The remarkable catches just keep on coming to the end of this strange fishing season.
First we had the 148 cm sturgeon caught in June by Chris Funk, a pike angler, from the main pond on Red Deer’s River Bend Golf Course. Then the standing Alberta record is demolished by a brown trout taken in July by another pike fisherman, Lindsey Paterson, from the Waterton River, that story spiced by the likelihood that yet another pike angler had caught and released the record fish almost a month earlier.
My Stump ranching friend, Ken Short, has been known to remove pike from trout streams using huge and quickly dispatched streamer flies, but that was not what he was doing in late October when he landed the most unusual fish he has ever caught.
Ken does not hunt and likes to extend his fishing as far as the law and flowing water (he does not engage in solid water angling) will allow. There was a time when Ken prided himself on catching trout on flies every month of the year in Alberta, but some stupid stream closures have foiled that project.
In late October and into November Ken carefully avoids disturbing the North Raven River’s gravelly spawning runs in favour of silt-bottomed sections where he can fly fish for smaller, younger, non-spawning trout. It was while thus engaged that something far larger than the usual, expected, maximum 36 cm brown trout, smacked back at the custom black beetle pattern Ken ties to land with an attention-grabbing “plop.”
What Ken Short eventually landed was obviously a trout or char, 55 cm long, handsomely striped, with no spots at all, and nicely rose-coloured toward the belly. The gill plate was gone on one side, but nicely-healed. He suspected the fish was either a lake trout, possibly up from the Red Deer River, or, more likely, a tiger trout. He deployed his ever-present Pentax Optio W20 camera and sent me several pictures to see what I thought.
To me, it is obviously a tiger trout, simply because I have seen them before, on an ugly June day several years ago, taken from Twin Lake, near Duck Mountain Provincial Park in Manitoba, where they had been planted by the nearby hatchery that had “created” them.
A tiger trout is a sterile transgenic hybrid easily created in a hatchery from brown trout eggs and brook trout sperm. They very rarely occur in nature when a male brook trout spawns his milt into a female brown trout’s redd (nest). That latter unlikely event could take place in the North Raven where there are both brown and brook trout, especially in the upper reaches.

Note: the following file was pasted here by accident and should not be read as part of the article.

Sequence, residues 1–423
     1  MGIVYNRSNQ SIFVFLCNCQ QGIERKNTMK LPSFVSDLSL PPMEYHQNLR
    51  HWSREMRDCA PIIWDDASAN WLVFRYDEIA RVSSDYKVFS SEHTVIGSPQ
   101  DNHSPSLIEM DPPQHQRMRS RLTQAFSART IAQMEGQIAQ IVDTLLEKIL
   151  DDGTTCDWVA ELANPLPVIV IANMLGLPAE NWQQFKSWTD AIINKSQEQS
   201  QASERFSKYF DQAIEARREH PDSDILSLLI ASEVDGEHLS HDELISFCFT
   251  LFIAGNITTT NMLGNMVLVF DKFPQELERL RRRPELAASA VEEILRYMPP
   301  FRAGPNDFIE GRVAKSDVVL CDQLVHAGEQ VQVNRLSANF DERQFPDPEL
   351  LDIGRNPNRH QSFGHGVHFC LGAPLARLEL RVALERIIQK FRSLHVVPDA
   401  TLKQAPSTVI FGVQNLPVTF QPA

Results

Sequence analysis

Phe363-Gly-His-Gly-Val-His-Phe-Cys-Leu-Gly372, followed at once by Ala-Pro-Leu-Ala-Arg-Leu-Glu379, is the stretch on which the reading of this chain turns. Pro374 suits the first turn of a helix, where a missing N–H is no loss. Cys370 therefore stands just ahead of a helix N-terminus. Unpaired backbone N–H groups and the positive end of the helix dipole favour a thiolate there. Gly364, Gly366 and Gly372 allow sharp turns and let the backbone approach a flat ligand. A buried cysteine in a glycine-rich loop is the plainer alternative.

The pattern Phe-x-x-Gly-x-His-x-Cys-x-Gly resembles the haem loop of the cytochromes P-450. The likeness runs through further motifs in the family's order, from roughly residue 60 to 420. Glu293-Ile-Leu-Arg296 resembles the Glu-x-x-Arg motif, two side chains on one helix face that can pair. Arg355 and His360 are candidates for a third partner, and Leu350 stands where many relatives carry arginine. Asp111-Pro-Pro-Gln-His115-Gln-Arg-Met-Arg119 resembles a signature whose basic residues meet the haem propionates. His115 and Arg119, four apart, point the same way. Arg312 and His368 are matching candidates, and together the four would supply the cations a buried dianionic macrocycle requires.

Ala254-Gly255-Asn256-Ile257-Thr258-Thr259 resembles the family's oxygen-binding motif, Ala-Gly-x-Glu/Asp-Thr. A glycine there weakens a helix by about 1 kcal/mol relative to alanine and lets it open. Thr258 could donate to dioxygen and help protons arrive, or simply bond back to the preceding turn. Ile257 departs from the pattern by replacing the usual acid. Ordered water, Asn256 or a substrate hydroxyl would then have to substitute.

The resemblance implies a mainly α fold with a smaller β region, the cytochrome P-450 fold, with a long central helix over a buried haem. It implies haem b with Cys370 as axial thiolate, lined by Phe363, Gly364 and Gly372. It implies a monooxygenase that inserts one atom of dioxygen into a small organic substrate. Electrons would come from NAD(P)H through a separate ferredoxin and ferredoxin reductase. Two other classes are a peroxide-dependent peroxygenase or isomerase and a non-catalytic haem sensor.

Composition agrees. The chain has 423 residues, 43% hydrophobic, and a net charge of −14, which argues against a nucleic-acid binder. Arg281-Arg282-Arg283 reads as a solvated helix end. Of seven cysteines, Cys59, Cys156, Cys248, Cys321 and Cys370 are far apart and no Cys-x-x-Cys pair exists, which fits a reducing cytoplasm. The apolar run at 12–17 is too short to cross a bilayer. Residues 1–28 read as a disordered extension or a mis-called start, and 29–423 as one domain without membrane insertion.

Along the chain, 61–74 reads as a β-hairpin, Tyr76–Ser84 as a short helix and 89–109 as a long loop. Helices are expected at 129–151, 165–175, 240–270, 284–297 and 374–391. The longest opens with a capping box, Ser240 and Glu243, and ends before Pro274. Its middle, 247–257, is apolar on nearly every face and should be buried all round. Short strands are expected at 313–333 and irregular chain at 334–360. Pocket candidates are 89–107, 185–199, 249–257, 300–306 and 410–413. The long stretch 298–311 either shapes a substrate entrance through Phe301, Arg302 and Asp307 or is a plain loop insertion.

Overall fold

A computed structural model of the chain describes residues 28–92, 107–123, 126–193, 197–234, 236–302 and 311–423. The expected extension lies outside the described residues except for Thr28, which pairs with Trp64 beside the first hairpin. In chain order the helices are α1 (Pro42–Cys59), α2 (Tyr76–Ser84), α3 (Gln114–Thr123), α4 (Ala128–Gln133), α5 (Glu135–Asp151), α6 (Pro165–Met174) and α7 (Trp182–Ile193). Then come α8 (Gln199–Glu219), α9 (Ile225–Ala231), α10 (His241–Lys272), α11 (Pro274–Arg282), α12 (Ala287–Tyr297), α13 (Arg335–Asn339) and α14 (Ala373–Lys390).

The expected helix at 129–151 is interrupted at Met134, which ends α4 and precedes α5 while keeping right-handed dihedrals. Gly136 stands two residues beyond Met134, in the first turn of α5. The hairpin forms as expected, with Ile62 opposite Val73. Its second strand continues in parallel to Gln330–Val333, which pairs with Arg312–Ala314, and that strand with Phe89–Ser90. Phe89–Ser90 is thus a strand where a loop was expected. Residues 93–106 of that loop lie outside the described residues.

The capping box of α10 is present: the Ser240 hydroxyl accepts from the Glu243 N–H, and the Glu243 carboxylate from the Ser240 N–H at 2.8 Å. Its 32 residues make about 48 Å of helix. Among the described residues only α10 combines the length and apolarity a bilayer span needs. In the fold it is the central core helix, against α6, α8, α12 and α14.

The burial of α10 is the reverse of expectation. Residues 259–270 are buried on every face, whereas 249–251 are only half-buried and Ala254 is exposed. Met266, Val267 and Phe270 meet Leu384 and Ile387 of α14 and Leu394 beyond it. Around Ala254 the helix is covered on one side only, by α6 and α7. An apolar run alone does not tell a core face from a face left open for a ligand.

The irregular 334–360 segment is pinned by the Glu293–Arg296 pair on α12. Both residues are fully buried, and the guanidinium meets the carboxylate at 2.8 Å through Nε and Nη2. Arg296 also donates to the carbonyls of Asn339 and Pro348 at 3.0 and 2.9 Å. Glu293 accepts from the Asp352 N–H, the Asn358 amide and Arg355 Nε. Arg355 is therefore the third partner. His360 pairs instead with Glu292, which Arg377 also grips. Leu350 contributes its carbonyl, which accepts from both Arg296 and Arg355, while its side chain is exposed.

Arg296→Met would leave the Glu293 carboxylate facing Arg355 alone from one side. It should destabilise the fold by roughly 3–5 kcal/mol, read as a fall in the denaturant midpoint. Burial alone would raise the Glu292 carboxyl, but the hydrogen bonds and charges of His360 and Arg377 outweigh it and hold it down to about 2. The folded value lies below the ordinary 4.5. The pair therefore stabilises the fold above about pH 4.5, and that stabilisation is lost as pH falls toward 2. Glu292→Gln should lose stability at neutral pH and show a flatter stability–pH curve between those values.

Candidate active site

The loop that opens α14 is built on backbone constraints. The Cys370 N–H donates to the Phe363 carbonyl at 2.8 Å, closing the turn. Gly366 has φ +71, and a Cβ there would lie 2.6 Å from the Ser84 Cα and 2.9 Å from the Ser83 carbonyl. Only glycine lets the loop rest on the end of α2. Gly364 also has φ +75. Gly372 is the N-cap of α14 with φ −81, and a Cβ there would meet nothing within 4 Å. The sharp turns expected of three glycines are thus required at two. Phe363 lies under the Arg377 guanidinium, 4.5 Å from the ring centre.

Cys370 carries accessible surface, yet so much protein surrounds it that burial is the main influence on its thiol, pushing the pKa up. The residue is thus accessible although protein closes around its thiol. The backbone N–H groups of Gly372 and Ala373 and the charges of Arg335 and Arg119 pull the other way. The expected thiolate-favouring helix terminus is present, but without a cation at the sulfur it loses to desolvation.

Ken Short released his “tiger,” as he does most of his trout, so it is fortunate he is among the growing army equipped with the best outdoors person’s camera there is, the Pentax Optio W series. In fact, Ken bought my W20 when I decided I just had to have the then newest model, the W80. It is hard to believe and comprehend how so many functions can be included in such a small camera: waterproof, shock and dust proof, telephoto-wide angle zoom, macro and underwater modes, filter functions, on-screen editing, etc.
All those features aside, its major advantage is its small size, easily fitting into a shirt pocket to be instantly available when those “if only I had a camera” outdoors opportunities arise. Again, down on the lower North Raven, Ken Short was able to quick draw his W20and shoot three otters that suddenly surfaced in the pool he was fishing.
Otters were virtually extinct on West Central Alberta trout streams when I first started fishing them nearly 50 years ago. They are still rare, but more common now, probably because trapping along these creeks is in decline. Some anglers are concerned with the otter increase because of the trout they eat.
So far, what I notice is a near extinction of muskrats and a blessed decrease of beavers, the young of which the otters also eat.
More than decade ago, half hidden under a spruce at the tail of the Perkins Pool on Prairie Creek, I was watching for quiet trout rises, when an uproar erupted at the upstream bend. Two adult otters and their two pups were chasing each other up the steep sand bank, sliding down on their bellies and flopping into the water, over and over.
Because they are such quick and efficient predators, earning a living is so easy for otters that they are among the few mammals with spare time for play, the bank sliding being a favourite game. If only I had a camera . . . but I’d left my expensive single lens reflex with the zoom lens back in the rig because I’d endured frequent dunkings and totaled one camera in the Perkins Pool over the years. Had it existed back then, a waterproof Pentax Optio W series camera in the shirt pocket would have caught some great pictures.
Bob Scammell is an award-winning outdoors writer living in Red Deer.